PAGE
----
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, 98 (19), 10892-7

A Simple Model Host for Identifying Gram-positive Virulence Factors

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A Simple Model Host for Identifying Gram-positive Virulence Factors

D A Garsin et al. Proc Natl Acad Sci U S A.

Abstract

We demonstrate the use of the nematode Caenorhabditis elegans as a facile and inexpensive model host for several Gram-positive human bacterial pathogens. Enterococcus faecalis, Streptococcus pneumoniae, and Staphylococcus aureus, but not Bacillus subtilis, Enterococcus faecium, or Streptococcus pyogenes, kill adult C. elegans. Focusing our studies on the enterococcal species, we found that both E. faecalis and E. faecium kill C. elegans eggs and hatchlings, although only E. faecalis kills the adults. In the case of adults, a low inoculum of E. faecalis grows to a high titer in the C. elegans intestine, resulting in a persistent infection that cannot be eradicated by prolonged feeding on E. faecium. Interestingly, a high titer of E. faecium also accumulates in the nematode gut, but does not affect the longevity of the worms. Two E. faecalis virulence-related factors that play an important role in mammalian models of infection, fsr, a putative quorum-sensing system, and cytolysin, are also important for nematode killing. We exploit the apparent parallels between Gram-positive infection in simple and more complex organisms by using the nematode to identify an E. faecalis virulence factor, ScrB, which is relevant to mammalian pathogenesis.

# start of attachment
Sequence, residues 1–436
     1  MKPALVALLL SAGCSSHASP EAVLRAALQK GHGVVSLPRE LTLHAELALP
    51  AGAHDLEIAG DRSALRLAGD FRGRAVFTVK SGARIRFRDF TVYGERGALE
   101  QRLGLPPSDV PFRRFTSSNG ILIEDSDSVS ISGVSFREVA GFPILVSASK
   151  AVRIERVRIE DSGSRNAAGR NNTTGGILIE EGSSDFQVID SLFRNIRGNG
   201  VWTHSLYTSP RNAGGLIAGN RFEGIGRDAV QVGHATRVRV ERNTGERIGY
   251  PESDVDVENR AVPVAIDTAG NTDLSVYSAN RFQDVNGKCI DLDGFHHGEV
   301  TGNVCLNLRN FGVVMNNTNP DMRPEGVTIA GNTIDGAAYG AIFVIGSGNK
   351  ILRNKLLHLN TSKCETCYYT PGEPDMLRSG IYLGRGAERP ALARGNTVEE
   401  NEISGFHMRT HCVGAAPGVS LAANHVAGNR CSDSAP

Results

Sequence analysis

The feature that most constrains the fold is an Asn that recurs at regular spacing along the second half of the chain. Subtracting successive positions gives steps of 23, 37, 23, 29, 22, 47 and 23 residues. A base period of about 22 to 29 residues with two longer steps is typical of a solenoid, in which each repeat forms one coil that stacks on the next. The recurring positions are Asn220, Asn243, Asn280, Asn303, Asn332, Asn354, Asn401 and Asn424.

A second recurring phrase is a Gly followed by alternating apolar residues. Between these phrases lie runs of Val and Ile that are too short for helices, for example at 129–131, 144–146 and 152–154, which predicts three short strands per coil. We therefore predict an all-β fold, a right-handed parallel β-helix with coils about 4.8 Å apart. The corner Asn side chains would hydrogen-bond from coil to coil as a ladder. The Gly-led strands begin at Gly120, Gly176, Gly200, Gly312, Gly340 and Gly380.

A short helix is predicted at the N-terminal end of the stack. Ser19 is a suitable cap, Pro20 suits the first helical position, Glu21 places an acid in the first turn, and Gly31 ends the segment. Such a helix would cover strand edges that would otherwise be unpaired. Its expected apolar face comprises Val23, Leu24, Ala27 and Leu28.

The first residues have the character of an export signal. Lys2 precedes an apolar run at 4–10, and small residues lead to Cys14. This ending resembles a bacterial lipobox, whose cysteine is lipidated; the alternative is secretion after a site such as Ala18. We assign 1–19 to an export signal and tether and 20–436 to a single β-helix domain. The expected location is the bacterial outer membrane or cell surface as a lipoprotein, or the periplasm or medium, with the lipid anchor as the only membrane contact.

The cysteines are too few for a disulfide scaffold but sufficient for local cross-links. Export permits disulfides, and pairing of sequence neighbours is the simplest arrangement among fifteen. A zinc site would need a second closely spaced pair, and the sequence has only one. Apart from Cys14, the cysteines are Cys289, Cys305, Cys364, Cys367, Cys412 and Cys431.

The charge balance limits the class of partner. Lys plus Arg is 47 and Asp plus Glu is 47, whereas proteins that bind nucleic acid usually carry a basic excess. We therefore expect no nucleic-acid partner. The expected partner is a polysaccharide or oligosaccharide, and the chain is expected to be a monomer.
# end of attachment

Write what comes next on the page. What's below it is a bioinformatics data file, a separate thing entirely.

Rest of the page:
Figures

Figure 1
Figure 1
C. elegans killing by Gram-positive pathogens. (A) Survival of C. elegans fed on clinical isolates of S. pneumoniae (SP003), S. aureus (A003), E. faecalis (E002), S. pyogenes (GAS002), E. faecium (E007), and nonpathogenic B. subtilis (PY79). (B) Survival of C. elegans fed on lawns of E. faecalis (E001, E002, E006, and E009) and E. faecium (E003 and E007) clinical isolates. (C) Survival of C. elegans fed on lawns of Escherichia coli strain OP50 grown on BHI medium or nematode growth (NG) medium.
Figure 2
Figure 2
E. faecalis proliferates in the nematode gut. (A) Various ratios of E. faecalis V583 to E. faecium E007 were plated to form bacterial lawns. The survival of C. elegans fed on these lawns was measured. (B) C. elegans were placed on a lawn of E. faecalis V583 and E. faecium E007 in the ratio of 1:1,000. After 12 hr, the C. elegans were washed and moved to a plate of E007 (time 0). At the times indicated, nematodes were washed and ground, and dilutions of the resulting suspension were plated on selective media. The number of colony-forming units (cfu) of V583 (⋄) and E007 (♦) per worm was calculated. (C) The same protocol as described for B was followed except that two E. faecium strains with different drug sensitivities were used. C. elegans were initially plated on a lawn of E003 (▵) and E007 (▴) in a ratio of 1:1,000. Note that the error bars correspond to the standard deviations calculated from three experiments and are present on only the upper side of the curves because of the logarithmic scale.
Figure 3
Figure 3
Intact bacteria and gut distension visualized in C. elegans feeding on E. faecalis and E. faecium but not Escherichia coli or B. subtilis. Micrographs were taken of worms fed on lawns of bacteria on BHI plates for 3 days. Arrows point to the borders of the intestinal lumen. (A, E, C, and G) Beginning of intestinal tracts of worms fed on Escherichia coli, E. faecalis, E. faecium, and B. subtilis, respectively. In the upper right-hand corner of each image, a round structure is visible that corresponds to the grinder organ, which functions to disrupt ingested bacteria. (B, F, D, and H) Middle of the intestinal tracts.
Figure 4
Figure 4
Mammalian virulence factors enhance E. faecalis killing of C. elegans. (A) Survival of C. elegans placed on lawns of E. faecalis OG1X containing no plasmids (Cyl, AS), OG1X + pAM9058 (Cyl AS+), OG1X + pAM944 (Cyl+ AS), and OG1X + pAM714 (Cyl+ AS+). (B) Survival of nematodes feeding on lawns of OG1RF or TX5266 (fsrBΔ). (C) Survival of mice infected peritoneally with 1.3 × 108 cfu of OG1RF or 2.1 × 108 cfu of TX5266 (fsrBΔ). (D) Survival of mice infected peritoneally with 2.20 × 108 cfu of OG1RF or 2.86 × 108 cfu of 1C-C9.

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